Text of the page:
How many active sites are there?

Motivation

The Netcraft Web Server Survey has run since August 1995, exploring the Internet to find new websites. Every month, an HTTP request is sent to each site, determining the Web server software used to support the site, and, through careful inspection of the TCP/IP characteristics of the response, the operating system.

In the early days of the web, hostnames were a good indication of actively managed content providing information and services to the Internet community. The situation is now considerably more blurred — the web includes a great deal of activity, but also a considerable quantity of sites that are untouched by human hand, produced automatically at the point of customer acquisition by domain registration or hosting service companies, advertising providers or speculative domain registrants, or search-engine optimisation companies. The biggest domain registrars are large enough to be significant in the context of the whole survey. For example, Go Daddy (17M hostnames) and 1&1 (10M hostnames) make up 16% of the 168M hostnames surveyed in May 2008.

Circa 1996-1997, the number of distinct IP addresses would have been a good approximation to the number of real sites, since hosting companies would typically allocate an IP address to each site with distinct content, and multiple domain names could point to the IP address being used to serve the same site content. However, with the adoption of HTTP/1.1 virtual hosting, and the availability of load balancing technology it is possible to reliably host a great number of active sites on a single (or relatively few) IP addresses.

It is therefore desirable to find a way to count sites, rather than IPs, but excluding those sites which come from a standard or computer-filled template. This is achieved, by retrieving the front page and looking for unique content, by Netcraft’s active sites survey.

Methodology

The front page is taken from each hostname on an IP address and then compared with the front page of other hostnames on the same IP address. Only sites with distinct content will be counted, such that unique content is counted once no matter how many domains and hostnames point at the site.

Where an IP address serves a large number of websites, it is infeasible to sample all sites on the IP address, both from a logistical viewpoint and from an acceptability viewpoint. We therefore apply a sampling technique and extrapolate the results across all sites hosted on that IP.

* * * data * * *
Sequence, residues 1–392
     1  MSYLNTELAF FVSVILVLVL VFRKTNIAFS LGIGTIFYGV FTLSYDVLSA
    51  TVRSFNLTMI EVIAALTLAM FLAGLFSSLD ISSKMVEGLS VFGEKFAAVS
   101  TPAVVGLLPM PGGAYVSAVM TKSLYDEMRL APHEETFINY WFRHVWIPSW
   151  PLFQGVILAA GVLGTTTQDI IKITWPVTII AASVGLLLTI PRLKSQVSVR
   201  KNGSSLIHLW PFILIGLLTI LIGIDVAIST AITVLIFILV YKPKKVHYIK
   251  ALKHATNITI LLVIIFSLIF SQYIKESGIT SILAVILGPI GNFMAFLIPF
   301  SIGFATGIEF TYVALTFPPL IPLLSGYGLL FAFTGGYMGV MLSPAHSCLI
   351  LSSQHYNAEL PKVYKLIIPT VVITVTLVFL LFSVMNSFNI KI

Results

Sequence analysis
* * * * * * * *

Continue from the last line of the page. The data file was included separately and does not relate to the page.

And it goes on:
Accordingly, Netcraft do not visit all sites on an IP but instead take a random sample of sites. For an IP address with N sites, Netcraft retrieves:

625 * N / (N + 624)

sites.

This means that for IPs with a small number of sites (<100), almost all the sites are visited; and for IPs with huge numbers of sites (>100000), around 625 are visited. Keeping the number of requests to be under 700 even in the most pathological case ensures that the survey robots are not banned from sites, and that the results remain respectable and accurate.

Determining Activeness

The comparison is made based on the structure of the page, rather than the text. The typical situation for domains is that a domain registration or domain advertising company will use the same template tag structure for each domain, but vary some text on each site to reflect the domain name, the customer name, or the date registered, etc., which makes a strict comparison of the HTML body unsafe. Free online service providers, like blogging providers, will do something similar, with the variation that they usually provide their accounts hostnames under a common domain name, instead of separate domains; the domain under which these accounts occur often uses Wildcard DNS, and in some cases any hostname under the domain will return valid but computer-generated content, with the hostname taken to be as an account name and interpolated into the content. Hence it is important for the active sites methodology to discard the actual words in the page and focus instead on the page structure, as represented by the HTML tag structure.

Some companies like to use framesets for presentation, displaying more than one HTML document on the same page. When the front page contains a frameset tag, we follow the references to request each framed document within the frameset, and compare the tag structure of those in the same way as the initial front pages. Following these links is necessary otherwise there would be a risk that all front pages consisting of framesets would be incorrectly assessed as inactive.

If the site returns content (i.e., a page or frameset, as opposed to an error response or connection timeout), the HTML tag structure is extracted and an MD5 hash is computed, allowing the content to be quickly compared with other content on the same IP address.

Example

  200 OK
  Date: Fri, 16 Jun 2008 13:57:53 GMT
  Server: Boa/0.92o
  Content-Length: 228
  Content-Type: text/html

  <html>
  <head><title>Test Page for localhost</title></head>

  <body bgcolor="ffffff">
  <h1>Test Page for localhost</h1>
  <p align="left">This is a test page for the machine `localhost'</p>
  </body>

  </html>

would be reduced down to:

  <html><head><title></title></head><body><h1></h1><p></p></body></html>

before hashing, and:

  3095feea34254a8ed7f099406a12a664

afterwards.

The reason for doing this is that most inactive sites are automatically generated from a template, and whilst the page contents may differ between sites, the page structure remains constant.